In vivo SD-OCT imaging

To compare the melanosome position differences under light and dark conditions, frogs underwent the over-night dark adaptation and 8-hour light adaptation, respectively. Before NIR (Near Infrared) OCT imaging, the frog was anesthetized through the skin when it was immersed in the tricaine methanesulfonate (TMS, MS-222) solution (500 mg/liter)38. After confirmation of the anesthesia, topical atropine (0.5%) and phenylephrine (2.5%) were applied to fully dilate the pupil to ~5 mm. After that, the frog was placed in a custom-built holder for OCT imaging. The holder provided six degrees of freedom to facilitate adjustment of body orientation and retinal area for OCT imaging39.

For the experiment designed to monitor melanosome movement from light to dark, after the initial 8-hour light adaptation, the frog eyes were imaged under light condition for the first half hour at 10 min intervals. Then the eyes would be left in full darkness. The 10 min intervals NIR retinal imaging was performed continuously for another one hour in the dark. In order to optimize the comparison between light and darkness, we imaged the identical areas in the retina over time.

SD-OCT system configuration

A schematic diagram of our SD-OCT system is illustrated in Fig. 7. The light source used in this system is a broadband superluminescent diode (SLD; Superlum Ltd., Ireland) with a center wavelength of 846 nm, full width at half maximum (FWHM, Δλ) of 104 nm. The beam from the SLD is coupled to fiber-based Michelson interferometer via a 50:50 fiber coupler (Thorlabs, Inc., USA), which split the source light into the sample and the reference arms. A fiber optic isolator (Thorlabs, Inc., USA) is employed between the SLD and the fiber coupler to exclude back reflection. The sample arm consists of an X-Y transverse galvanometer scanner and a pair of relay lens for delivering sample light to the frog retina and collecting the back-reflected sample light. The optical power entering the pupil which meets the safety requirements set by the American National Standards Institute (ANSI) Z136.1 limits. In the reference arm, we employed similar lenses to match the dispersion between the reference and the sample arms. Instead of a neutral density filter, a slit was used to adjust reference power without inducing extra dispersion.

Figure 7

Schematic diagram of the experimental setup.

Schematic of the SD-OCT system at 846 nm designed to acquire in vivo images of the retina of the frog eye. SLD: superluminescent diode, PC: polarization controller, CL: collimation lens, L1–L5: lens. Focal lengths of lenses L1, L2, L3, L4 and L5 are 75, 50, 15, 100 and 30 mm, respectively. The photograph of the frog eye was taken by Qiu-Xiang Zhang.

The interference signal between the reference arm and sample arm was collected by the fiber coupler and delivered to a custom-built spectrometer. The spectrometer consists of an IR achromatic f = 150 mm doublet lens (Thorlabs, Inc., USA) as the collimator, a 1200 line/mm transmission grating (Wasatch Photonics, Inc., USA) and rapid rectilinear lenses with two 300 mm achromatic doublet lens pair (Thorlabs, Inc., USA). The detector is a line scan charge-coupled device camera (EV71YEM4CL2014-BA9 OCT/Spectrometer versions, E2V, NY, USA) with 2048 pixels and 14 μm × 28 μm pixel sizes. The calculated spectral resolution was 0.0498 nm, which corresponds to a detectable depth range of 3.59 mm in air40.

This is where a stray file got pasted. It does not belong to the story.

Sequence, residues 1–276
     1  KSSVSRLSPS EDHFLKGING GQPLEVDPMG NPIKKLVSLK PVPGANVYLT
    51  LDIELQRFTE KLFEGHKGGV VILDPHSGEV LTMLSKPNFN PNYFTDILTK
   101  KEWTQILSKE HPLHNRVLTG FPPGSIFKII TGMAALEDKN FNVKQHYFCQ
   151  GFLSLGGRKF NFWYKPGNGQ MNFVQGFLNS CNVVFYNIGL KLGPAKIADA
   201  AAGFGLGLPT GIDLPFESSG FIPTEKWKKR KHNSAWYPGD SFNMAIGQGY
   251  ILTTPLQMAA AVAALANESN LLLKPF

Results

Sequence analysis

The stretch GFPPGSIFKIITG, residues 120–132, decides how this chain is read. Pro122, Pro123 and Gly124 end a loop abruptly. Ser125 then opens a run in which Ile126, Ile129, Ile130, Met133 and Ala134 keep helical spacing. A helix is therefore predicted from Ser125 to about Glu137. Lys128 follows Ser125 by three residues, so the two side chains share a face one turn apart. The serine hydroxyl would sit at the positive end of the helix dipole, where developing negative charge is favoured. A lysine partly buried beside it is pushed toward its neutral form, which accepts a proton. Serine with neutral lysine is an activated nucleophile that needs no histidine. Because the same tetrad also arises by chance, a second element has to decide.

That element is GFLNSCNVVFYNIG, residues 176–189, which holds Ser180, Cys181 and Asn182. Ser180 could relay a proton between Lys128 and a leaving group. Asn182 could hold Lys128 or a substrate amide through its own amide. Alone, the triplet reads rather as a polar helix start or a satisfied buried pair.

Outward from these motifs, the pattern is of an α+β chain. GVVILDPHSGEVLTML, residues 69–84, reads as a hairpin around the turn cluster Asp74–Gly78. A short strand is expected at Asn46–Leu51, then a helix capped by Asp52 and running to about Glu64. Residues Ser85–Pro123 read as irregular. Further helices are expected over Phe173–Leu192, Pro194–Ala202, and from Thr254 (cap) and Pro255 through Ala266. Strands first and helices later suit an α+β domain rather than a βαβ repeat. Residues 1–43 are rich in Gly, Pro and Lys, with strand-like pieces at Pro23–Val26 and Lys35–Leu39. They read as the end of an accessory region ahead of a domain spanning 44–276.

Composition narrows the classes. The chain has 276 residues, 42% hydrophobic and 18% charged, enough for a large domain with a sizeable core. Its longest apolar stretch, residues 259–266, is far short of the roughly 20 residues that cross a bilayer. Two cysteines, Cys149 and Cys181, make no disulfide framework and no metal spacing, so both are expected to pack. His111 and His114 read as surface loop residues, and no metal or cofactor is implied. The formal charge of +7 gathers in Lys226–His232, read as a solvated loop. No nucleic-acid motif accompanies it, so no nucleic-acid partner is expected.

An image acquisition board acquired the image captured by the camera and transferred it to a computer workstation (Intel Xeon CUP, dual 2.26 GHz processor, 6 GB memory; Dell Inc., Texas, USA) for signal processing and image display. The A-line (depth scan) rate of the OCT system was set at 5 kHz. At this operating condition, the OCT sensitivity was approximately 95 dB. The numerical aperture of the system is 0.4 with depth of focus around 6 μm. The theoretical axial resolution was approximately 3.04 μm in air, corresponding to 2.25 μm in tissues40 (the refractive index of the retina was approximately 1.35) and theoretical lateral resolution around 2 μm.


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The authors wish to thank Dr. Shuliang Jiao for his valuable advice on OCT construction and thank Cham K. Yao for preparing the cartoon illustration in Fig. 1. Q.X.Z., R.W.L. and X.C.Y. are supported by NSF CBET-1055889, NIH R21 EB012264 and UASOM I3 Pilot Award. CAC and JDM are supported by NIH R01 EY06109 and institutional support from the Eyesight Foundation of Alabama and Research to Prevent Blindness, Inc. V.G. is supported by Vision Sciences Core grant NIH P30 EY03039.

Author information




Q.X.Z. contributed to OCT construction, performed OCT imaging and data processing and contributed to manuscript preparation. R.W.L. contributed to optical construction and data processing. J.D.M. and V.G. performed histological examination. C.A.C. contributed to histological examination, experimental design and manuscript preparation. X.C.Y. conceived and supervised the project, contributed to OCT design, experimental design, data analysis and manuscript preparation.

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Zhang, QX., Lu, RW., Messinger, J. et al. In vivo Optical Coherence Tomography of Light-Driven Melanosome Translocation in Retinal Pigment Epithelium. Sci Rep 3, 2644 (2013).